What is your name?
Where do you work and what is your role/job title?
Dublin Institute for Advanced Studies. I am an astrophysicist.
Does your job allow you to have a lifestyle you are happy with?
Questions about your current Job
How did you go about getting your current job?
I currently hold an SFI-IRC Pathway Fellowship. After completing my PhD in 2011 I worked in Germany for 5 years before returning to Ireland to work on the Mid-Infrared Instrument (MIRI) on the James Webb Space Telescope (JWST). The technical and scientific expertise and skills I gained during this time put me in a great position to seek my own research funding. I successfully applied for a Pathway Fellowship in 2021 to work on JWST science, which commenced in June 2022, with my first PhD student starting in September 2022.
Describe a typical day.
My days are not terribly exciting. I work on a computer the vast majority of the time so I’m basically sitting at the desk in my office at work or at home. I spend some time reading and replying to emails from colleagues/students, then start work on whatever analysis or paper writing task I have lined up for the day.
What’s the coolest part of your job?
Right now, working with the new data from the James Webb Space Telescope. It’s such a ground-breaking observatory that almost every observation reveals something new and exciting and I’m lucky enough to work on many observation programmes.
Recently I also supported commissioning of MIRI on JWST at the Mission Operation Center in Baltimore, US. Though it was an extremely busy and challenging time, it was awesome to be working there as the first images were taken.
Honestly, I’ve done lots of very cool things over the years. Too many to write here.
Are there any elements of your job that you dislike?
I often work long hours and weekends during busy periods which can be tough.
Questions about education and training
What subjects did you take in school/college and how have these influenced your career path?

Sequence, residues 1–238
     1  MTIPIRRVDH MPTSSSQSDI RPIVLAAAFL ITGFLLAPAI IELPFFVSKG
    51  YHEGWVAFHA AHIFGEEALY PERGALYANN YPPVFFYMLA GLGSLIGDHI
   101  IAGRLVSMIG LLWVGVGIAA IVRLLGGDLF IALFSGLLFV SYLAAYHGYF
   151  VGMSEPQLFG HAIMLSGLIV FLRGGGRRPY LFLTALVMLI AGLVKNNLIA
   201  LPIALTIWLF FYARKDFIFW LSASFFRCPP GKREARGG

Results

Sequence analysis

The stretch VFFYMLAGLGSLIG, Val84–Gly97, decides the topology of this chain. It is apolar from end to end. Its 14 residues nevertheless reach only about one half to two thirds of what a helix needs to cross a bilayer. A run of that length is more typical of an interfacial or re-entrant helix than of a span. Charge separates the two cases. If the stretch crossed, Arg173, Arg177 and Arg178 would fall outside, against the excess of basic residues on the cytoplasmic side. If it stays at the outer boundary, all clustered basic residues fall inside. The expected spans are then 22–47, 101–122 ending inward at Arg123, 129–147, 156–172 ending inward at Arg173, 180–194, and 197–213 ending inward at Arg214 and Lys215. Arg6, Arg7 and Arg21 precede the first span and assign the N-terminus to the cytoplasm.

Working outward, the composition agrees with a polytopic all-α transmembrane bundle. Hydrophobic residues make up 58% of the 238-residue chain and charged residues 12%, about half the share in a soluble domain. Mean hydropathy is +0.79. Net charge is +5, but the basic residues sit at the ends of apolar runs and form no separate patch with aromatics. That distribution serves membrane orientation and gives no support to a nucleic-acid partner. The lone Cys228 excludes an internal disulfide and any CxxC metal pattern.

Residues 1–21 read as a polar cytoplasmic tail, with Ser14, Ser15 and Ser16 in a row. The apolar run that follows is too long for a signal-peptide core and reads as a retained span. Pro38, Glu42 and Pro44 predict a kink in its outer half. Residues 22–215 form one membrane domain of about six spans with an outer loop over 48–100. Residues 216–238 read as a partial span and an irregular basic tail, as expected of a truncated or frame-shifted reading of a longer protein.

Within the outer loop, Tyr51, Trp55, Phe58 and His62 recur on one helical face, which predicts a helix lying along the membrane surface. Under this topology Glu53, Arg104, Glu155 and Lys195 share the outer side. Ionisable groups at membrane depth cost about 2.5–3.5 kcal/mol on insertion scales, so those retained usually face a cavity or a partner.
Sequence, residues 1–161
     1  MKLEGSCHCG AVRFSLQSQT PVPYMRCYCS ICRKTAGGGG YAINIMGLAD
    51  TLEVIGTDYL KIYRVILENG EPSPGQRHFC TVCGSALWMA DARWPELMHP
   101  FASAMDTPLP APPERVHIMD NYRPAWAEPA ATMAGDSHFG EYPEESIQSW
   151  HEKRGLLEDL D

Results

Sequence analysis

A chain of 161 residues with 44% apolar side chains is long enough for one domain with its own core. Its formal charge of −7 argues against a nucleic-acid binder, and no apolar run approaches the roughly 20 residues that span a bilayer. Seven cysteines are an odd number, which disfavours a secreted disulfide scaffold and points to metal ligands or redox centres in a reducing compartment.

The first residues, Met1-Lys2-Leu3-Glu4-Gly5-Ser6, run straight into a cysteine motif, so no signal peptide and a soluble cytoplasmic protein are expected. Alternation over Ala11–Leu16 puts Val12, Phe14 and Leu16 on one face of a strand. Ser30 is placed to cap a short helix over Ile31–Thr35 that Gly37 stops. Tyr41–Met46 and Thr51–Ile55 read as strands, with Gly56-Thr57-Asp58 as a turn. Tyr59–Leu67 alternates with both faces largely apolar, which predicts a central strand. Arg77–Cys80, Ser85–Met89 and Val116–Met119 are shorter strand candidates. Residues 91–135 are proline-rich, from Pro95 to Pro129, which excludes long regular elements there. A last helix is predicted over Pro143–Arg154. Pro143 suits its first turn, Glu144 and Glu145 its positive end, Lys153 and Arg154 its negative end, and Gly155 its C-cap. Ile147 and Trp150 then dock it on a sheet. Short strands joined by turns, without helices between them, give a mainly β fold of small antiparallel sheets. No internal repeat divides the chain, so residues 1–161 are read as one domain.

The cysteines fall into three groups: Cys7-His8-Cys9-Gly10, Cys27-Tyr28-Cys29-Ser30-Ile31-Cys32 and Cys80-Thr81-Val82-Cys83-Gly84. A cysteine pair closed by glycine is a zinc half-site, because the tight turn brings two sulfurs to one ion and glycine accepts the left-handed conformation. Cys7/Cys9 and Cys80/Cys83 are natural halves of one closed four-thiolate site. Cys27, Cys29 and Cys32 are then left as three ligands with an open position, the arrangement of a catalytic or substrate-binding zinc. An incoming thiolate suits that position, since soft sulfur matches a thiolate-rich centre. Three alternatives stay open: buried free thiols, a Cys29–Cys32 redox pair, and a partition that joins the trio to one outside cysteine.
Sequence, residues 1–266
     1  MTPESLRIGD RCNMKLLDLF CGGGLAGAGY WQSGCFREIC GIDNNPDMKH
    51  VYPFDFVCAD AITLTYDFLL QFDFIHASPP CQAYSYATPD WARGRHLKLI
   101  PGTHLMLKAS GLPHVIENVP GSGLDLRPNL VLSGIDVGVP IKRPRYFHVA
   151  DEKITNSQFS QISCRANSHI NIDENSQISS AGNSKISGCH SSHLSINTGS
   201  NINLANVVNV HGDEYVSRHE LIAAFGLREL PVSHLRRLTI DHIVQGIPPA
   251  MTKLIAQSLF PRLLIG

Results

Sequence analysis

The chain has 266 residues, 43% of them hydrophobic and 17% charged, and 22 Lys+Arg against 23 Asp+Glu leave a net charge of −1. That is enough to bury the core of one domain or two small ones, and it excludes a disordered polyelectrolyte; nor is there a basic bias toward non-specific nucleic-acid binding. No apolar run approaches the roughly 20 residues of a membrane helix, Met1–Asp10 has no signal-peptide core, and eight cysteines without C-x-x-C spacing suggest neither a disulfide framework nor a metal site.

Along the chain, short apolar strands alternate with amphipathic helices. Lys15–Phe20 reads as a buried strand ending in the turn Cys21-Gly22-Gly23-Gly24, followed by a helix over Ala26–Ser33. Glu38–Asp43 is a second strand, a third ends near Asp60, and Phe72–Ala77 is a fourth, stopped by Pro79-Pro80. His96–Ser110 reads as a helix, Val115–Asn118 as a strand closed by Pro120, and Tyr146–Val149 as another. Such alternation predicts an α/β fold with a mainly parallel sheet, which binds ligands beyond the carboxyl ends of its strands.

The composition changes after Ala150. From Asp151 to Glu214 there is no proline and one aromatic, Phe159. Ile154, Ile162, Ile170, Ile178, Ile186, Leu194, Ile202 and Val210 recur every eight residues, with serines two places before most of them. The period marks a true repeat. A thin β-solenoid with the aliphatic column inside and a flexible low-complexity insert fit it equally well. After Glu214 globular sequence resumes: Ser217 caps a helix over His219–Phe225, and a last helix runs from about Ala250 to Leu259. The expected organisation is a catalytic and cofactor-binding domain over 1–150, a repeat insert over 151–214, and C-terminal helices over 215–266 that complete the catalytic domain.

In secondary school, physics and maths would have been the two subjects that most impacted my career as they led me into a third level STEM course.
I loved all physics modules in college, especially astrophysics. Computational classes were also very enjoyable and learning to program had a huge impact on my career.
Questions about yourself
What have been the most rewarding events in your career so far?
Being on the team that successfully commissioned MIRI on JWST, winning a large funding grant, writing a review paper, winning observing time, lots more…
What is your dream job?
Advice for people thinking of this job as a career choice
What advice would you give to someone considering this job? Are there important personal characteristics, or good work experience they can undertake for example.
It’s not easy to make a lifelong career as an astrophysicist. One can work for years in the field and be an excellent researcher but ultimately may have to move into industry, finance, etc. due to lack of funding or permanent faculty positions. It takes hard work, determination, and perseverance. There will likely be setbacks along the way but it’s a great career if you can make it.
These days, good data analysis and programming skills are essential so any work experience that involves writing code to analyse datasets and gain insights would be very useful.